The numerical solution of partial differential equations is one of the prime tasks in scientific computing. The two most important challenges in this area are the increasing size of the models and the ever-stricter accuracy requirements. To handle these difficult problems in an acceptable amount of time, it is necessary to use powerful computational techniques that utilize the available hardware in an efficient way. Under today’s conditions, this usually includes parallel algorithms.
The Helmholtz equation--a special case of such problems--has important applications in, for example, the modeling of wave propagation and scattering phenomena. For this equation set on the exterior of a bounded domain, Boubendir et al. propose and analyze a new efficient method. The algorithm is based on first truncating the originally unbounded domain where the solution is sought via the introduction of artificial absorbing boundary conditions, and then introducing a nonoverlapping decomposition of the remaining finite domain into a number of subdomains. Up to this point, the method follows the commonly pursued approaches.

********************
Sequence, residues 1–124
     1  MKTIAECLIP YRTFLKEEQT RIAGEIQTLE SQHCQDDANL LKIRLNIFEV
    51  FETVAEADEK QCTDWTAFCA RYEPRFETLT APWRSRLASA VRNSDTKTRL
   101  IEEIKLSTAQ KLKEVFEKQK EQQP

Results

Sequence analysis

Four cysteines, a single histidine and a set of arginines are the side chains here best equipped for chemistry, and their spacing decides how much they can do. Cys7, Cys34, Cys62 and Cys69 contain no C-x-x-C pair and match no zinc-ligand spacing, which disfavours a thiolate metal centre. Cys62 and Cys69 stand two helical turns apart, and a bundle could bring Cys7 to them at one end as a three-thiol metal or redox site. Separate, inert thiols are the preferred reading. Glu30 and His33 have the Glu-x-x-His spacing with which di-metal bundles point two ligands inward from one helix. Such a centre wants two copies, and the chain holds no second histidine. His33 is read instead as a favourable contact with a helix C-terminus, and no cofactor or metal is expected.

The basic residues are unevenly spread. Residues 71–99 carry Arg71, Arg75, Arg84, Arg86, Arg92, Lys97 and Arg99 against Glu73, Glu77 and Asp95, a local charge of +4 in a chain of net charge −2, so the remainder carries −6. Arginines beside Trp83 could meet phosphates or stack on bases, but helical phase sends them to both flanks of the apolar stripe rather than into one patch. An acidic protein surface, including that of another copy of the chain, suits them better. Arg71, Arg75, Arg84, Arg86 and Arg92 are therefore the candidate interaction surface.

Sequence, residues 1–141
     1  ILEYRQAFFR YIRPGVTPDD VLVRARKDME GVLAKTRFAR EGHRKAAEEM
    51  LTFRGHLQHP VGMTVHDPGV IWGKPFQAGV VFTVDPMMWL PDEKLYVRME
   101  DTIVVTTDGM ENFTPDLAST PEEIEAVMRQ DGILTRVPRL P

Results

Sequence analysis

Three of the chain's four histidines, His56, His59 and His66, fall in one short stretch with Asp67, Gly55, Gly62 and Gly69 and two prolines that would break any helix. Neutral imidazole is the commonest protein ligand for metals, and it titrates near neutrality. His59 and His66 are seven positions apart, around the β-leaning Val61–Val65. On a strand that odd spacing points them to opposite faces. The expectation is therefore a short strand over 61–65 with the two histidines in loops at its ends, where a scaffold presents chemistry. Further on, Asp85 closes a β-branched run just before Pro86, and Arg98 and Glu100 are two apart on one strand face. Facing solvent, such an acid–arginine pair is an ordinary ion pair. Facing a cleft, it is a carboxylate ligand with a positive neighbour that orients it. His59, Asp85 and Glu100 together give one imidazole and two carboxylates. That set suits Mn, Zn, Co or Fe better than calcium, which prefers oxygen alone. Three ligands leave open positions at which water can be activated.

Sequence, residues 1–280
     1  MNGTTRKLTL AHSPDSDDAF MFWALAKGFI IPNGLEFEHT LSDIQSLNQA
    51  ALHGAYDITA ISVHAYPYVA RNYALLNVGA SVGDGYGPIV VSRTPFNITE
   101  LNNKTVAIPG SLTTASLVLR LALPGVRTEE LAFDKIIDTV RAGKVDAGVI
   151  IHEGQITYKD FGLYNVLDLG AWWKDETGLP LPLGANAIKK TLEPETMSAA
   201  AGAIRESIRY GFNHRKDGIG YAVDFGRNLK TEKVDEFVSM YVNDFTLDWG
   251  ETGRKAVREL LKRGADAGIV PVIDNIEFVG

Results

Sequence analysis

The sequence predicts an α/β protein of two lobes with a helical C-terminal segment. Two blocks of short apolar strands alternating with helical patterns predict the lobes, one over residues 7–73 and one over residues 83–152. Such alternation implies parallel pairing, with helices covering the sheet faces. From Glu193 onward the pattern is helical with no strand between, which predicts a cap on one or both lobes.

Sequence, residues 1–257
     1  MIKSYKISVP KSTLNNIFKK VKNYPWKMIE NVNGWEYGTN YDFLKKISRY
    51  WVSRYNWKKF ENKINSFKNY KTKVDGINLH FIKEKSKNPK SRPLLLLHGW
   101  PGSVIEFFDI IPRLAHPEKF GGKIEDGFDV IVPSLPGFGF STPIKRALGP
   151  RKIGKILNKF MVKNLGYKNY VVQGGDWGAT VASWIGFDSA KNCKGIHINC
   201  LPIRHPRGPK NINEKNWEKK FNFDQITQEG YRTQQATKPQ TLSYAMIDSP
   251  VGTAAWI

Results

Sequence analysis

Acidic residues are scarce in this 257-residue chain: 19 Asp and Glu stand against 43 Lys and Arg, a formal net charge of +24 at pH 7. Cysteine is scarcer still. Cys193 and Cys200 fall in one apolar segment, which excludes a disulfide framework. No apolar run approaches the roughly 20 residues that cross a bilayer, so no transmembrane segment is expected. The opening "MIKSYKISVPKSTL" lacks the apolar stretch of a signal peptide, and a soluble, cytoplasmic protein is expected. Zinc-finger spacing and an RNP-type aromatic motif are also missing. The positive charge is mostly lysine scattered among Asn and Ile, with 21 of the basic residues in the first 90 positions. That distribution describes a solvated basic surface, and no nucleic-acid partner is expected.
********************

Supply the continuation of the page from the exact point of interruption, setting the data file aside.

One of the key points of the algorithm is the selection of transmission operators that link the individual subdomains. This transmission is based on square roots of suitably chosen regularized surface divergence operators. As these operators are of a nonlocal nature, and hence unsuitable for being handled computationally in an efficient way, they are approximated using Padé approximation techniques, thus removing the nonlocality. For the solution of the resulting linear problems, numerical experiments then indicate that the generalized minimal residual method (GMRES) performs in a highly satisfactory way. The authors’ detailed analysis demonstrates the very good convergence properties of the complete algorithm. Detailed numerical examples support these theoretical results.
The paper is likely to be of interest to researchers dealing with the simulation of problems modeled by the Helmholtz equation. It could also provide useful information for the development of efficient algorithms for related problems.